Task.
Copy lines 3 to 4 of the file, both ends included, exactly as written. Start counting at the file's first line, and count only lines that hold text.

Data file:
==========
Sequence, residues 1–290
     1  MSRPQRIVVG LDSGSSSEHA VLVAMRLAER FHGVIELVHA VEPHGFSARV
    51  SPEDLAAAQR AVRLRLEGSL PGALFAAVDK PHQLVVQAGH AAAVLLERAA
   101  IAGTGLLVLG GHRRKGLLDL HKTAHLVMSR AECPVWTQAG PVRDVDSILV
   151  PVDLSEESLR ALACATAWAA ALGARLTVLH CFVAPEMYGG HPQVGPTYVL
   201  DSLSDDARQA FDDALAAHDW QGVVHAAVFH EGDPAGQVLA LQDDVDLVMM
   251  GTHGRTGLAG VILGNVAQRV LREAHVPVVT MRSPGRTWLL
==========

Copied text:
    51  SPEDLAAAQR AVRLRLEGSL PGALFAAVDK PHQLVVQAGH AAAVLLERAA
   101  IAGTGLLVLG GHRRKGLLDL HKTAHLVMSR AECPVWTQAG PVRDVDSILV